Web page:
Courtesy of FPA
CAIRO – The United Nations World Food Programme (WFP) met yesterday with representatives from the Egyptian private sector who pledged to continue to support WFP in providing food assistance to the most vulnerable Egyptian families affected by the economic slowdown following the last few weeks political crisis.
Representatives from Pepsico Tomooh, Vodafone Egypt Foundation, Banque du Caire, Banque Misr Foundation for community Development and Welfare, Star Care Foundation -Mercedes, CEMEX -Assiut Cement met with Mr. Gianpietro Bordingon, WFP Representative and Country Director in Egypt and senior WFP staff to discuss the first steps to address the immediate needs of the poor families that lost their livelihoods in the southern governorates.
“You have believed in WFP’s work and trusted us with your corporate funds and today we are concerned and want to share with you our concern that the situation of many Egyptian families may require immediate steps to address growing food insecurity among the country’s poorest families,” said Bordignon.
“This is your country so we count on you to help us do more to the people of Egypt during this difficult time.”
Egypt’s private sector has largely supported WFP’s school meals project throughout the country in the last few years benefiting more than 300,000 school children in community schools who receive daily nutritious date bars biscuits fortified with essential vitamins and minerals. Many of the families receive take home rations mainly fortified rice as an incentive to keep their children in schools.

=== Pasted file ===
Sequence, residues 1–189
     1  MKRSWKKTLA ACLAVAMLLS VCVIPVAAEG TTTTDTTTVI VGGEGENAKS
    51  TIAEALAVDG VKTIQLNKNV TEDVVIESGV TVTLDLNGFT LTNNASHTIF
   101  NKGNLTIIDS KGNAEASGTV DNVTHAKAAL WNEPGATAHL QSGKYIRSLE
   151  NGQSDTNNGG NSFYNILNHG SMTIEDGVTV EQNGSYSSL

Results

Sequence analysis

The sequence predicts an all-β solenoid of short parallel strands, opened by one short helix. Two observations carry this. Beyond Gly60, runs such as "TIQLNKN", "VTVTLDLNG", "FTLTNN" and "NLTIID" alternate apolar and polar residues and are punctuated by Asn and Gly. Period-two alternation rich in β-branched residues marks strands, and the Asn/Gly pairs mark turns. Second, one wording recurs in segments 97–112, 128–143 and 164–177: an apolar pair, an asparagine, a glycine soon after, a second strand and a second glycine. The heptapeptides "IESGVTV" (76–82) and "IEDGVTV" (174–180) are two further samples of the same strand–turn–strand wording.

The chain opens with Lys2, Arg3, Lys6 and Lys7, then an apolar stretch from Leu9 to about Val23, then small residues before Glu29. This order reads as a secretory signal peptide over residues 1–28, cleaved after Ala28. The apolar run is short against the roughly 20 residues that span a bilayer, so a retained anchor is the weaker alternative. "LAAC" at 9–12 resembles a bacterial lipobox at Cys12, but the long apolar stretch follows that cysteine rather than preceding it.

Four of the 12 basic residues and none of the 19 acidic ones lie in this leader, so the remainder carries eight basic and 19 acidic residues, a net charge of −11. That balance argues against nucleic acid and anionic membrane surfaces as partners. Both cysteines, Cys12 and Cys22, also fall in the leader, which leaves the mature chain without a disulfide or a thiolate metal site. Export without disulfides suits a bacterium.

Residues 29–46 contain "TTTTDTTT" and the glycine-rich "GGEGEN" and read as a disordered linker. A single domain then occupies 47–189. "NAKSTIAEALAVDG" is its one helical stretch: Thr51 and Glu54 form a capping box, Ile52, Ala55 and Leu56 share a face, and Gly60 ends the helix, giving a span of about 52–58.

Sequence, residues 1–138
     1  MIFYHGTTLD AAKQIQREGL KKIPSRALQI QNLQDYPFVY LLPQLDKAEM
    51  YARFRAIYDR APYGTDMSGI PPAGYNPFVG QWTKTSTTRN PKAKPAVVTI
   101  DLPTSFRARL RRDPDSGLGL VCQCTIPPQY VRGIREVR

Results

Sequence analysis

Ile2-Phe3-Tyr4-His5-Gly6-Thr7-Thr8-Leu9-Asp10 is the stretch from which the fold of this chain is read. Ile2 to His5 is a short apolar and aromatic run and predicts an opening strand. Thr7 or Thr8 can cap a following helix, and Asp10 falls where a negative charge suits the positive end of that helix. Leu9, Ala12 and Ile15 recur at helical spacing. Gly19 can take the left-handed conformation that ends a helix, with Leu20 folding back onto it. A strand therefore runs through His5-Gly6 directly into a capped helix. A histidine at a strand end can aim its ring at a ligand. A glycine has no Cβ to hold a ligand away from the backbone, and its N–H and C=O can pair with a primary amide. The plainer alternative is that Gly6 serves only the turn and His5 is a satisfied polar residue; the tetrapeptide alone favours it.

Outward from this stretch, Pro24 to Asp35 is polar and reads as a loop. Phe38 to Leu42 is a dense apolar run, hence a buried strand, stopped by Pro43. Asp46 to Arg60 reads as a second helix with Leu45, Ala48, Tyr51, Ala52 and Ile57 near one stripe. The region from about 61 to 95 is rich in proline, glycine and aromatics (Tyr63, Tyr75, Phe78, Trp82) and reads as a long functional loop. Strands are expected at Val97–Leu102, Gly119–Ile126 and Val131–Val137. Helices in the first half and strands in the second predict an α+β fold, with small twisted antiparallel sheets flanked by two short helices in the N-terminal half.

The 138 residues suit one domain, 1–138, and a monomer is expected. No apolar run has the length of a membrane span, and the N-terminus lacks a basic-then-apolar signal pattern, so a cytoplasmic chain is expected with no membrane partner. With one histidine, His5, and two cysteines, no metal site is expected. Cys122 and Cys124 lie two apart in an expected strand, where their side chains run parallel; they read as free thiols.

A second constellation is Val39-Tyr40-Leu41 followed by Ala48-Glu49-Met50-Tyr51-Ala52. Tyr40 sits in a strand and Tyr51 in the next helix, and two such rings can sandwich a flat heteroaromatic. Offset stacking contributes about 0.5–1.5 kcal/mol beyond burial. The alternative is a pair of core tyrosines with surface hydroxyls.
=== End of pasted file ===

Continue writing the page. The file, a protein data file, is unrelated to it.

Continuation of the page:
Over the past few days, WFP has provided food to more than 3,000 schoolchildren and their families, distributing a 15-day ration – mainly fortified date bars- as well as a one month advance of take home rations (10 kilograms of rice). Close to 11,500 family members in the southern governorates of Assiut and Sohag benefited from this round of distributions. Distribution to other governorates in Upper Egypt have resumed this week.
The UN Food Agency is making plans to expand its existing food-for-education and food-for-work programmes to include more people whose livelihoods have been impacted by the economic slowdown under the current political crisis.